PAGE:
University of Maryland, Baltimore County political science professor William Blake, who co-authored the article calling oral dissents the nuclear option, says a June without them would be a “missed opportunity.” They are “a chance to see the justices as exhibiting emotions,” not just the logic of their opinions, he said.

The act of reading can also be a signal to Congress. In a 2007 dissent Ginsburg read from the bench, she called on lawmakers to overturn her colleagues’ decision in a case about equal pay for women. Congress did, passing the Lilly Ledbetter Fair Pay Act. Ginsburg’s oral dissent underscored her belief that urgent action was needed, even if it wasn’t the only reason lawmakers acted.

University of Minnesota professor Timothy Johnson, who has written about oral dissents, says justices also reach the public through them. “If you can have a vociferous enough dissent from the bench you’re going to get the nightly news to talk about it,” he said.




The Wisconsin Supreme Court on Monday agreed to hear a case seeking to purge about 129,000 voter registrations from the rolls ahead of the November presidential election after previously deadlocking on whether to get involved.

Democrats oppose the voter purge, arguing it is intended to make it more difficult for their voters to cast ballots. Conservatives who brought the lawsuit argue that the integrity of the vote is at stake, saying that when records indicate voters may have moved, their registrations should be deactivated.

The case is closely watched in battleground Wisconsin, a state President Donald Trump won by fewer than 23,000 votes in 2016. Winning Wisconsin is a key part of the strategy for both Trump and presumptive Democratic nominee Joe Biden.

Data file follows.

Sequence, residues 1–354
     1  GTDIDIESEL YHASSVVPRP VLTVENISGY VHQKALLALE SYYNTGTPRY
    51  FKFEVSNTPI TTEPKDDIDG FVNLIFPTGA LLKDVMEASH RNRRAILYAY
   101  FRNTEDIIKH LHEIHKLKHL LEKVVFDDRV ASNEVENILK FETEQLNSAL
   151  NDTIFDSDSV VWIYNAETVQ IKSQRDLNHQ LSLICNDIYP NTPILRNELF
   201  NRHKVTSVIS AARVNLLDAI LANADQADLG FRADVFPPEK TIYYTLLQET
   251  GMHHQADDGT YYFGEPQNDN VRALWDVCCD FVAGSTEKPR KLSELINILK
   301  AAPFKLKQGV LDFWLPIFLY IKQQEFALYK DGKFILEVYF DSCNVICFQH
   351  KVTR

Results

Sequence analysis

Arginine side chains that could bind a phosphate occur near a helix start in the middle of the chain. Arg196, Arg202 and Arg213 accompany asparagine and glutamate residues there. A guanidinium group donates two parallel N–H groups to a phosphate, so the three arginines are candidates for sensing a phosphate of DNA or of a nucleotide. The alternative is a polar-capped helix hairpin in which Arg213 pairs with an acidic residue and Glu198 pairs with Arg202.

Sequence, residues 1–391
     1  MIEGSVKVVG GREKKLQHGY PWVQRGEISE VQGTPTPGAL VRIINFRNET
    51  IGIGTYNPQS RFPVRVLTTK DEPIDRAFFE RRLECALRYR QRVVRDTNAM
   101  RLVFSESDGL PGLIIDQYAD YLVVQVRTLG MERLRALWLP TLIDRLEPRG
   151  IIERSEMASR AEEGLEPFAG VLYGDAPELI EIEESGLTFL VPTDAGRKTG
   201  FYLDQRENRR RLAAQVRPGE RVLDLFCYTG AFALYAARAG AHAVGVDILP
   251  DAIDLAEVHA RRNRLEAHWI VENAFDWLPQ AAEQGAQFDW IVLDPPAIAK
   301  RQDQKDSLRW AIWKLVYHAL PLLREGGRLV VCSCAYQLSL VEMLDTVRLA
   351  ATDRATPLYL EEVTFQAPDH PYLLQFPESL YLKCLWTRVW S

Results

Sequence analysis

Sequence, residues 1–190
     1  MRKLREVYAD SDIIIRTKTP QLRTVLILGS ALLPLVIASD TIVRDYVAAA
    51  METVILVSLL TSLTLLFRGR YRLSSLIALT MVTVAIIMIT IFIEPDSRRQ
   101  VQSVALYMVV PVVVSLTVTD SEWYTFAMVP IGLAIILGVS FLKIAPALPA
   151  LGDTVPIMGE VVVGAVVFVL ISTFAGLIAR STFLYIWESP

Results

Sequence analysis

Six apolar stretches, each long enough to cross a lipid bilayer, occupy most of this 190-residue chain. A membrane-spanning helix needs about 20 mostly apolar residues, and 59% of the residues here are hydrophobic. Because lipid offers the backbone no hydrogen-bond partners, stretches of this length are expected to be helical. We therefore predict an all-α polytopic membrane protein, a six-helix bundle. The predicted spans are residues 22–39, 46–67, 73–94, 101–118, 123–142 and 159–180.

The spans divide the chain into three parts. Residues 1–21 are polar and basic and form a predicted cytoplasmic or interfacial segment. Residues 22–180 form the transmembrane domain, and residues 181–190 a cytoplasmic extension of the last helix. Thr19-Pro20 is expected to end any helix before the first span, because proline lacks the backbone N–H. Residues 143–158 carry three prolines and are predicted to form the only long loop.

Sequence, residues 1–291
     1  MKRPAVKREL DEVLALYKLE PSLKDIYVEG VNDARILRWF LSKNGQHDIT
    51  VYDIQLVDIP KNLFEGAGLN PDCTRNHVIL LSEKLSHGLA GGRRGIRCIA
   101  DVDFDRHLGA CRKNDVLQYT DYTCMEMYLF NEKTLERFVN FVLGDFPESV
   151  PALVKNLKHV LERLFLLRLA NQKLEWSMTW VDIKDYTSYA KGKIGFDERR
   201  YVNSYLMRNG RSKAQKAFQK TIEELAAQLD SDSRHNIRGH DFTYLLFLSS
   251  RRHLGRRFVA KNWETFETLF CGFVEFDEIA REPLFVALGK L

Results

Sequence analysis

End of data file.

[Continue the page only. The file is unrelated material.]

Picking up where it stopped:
he voter purge case was brought on behalf of three voters by the Wisconsin Institute for Law and Liberty, a conservative law firm. It won in Ozaukee County, with a judge ordering in January that the purge take place immediately. The Supreme Court deadlocked then when asked to immediately take the case. In February, a state appeals court reversed the lower court’s ruling, stopped the purge and dismissed the case.

That set up the latest request made in March for the Supreme Court to hear the case, which it agreed to do on Monday. It is likely to hear arguments this summer or early fall and could issue a ruling before the November election.


Big Oil lost a pair of court battles Tuesday that could lead to trials in lawsuits by California cities and counties seeking damages for the impact of climate change.

The 9th U.S. Circuit Court of Appeals rejected arguments by energy companies and ruled state courts are the proper forum for lawsuits alleging producers promoted petroleum as environmentally responsible when they knew it was contributing to drought, wildfires, and sea level rise associated with global warming.

The lawsuits claim Chevron, Exxon Mobil, ConocoPhillips, BP, Royal Dutch Shell and other companies created a public nuisance and should pay for damage from climate change and help build sea walls and other infrastructure to protect against future impact — construction that could cost tens of billions of dollars.

The ruling overturned a decision by one federal judge, who had tossed out lawsuits brought by the cities of San Francisco and Oakland.

“It is time for these companies to pay their fair share,” San Francisco City Attorney Dennis Herrera said in a statement applauding the ruling. “They should not be able to stick taxpayers with the bill for the damage they knew they were causing. We will continue to hold these companies accountable for their decades-long campaign of public deception about climate change and its consequences.”

While the rulings were victories for the coastal counties and cities — all in the San Francisco Bay Area except for the tiny city of Imperial Beach in San Diego County — and cheered by environmental groups, it could take years before they ever get to a jury, if they make it that far.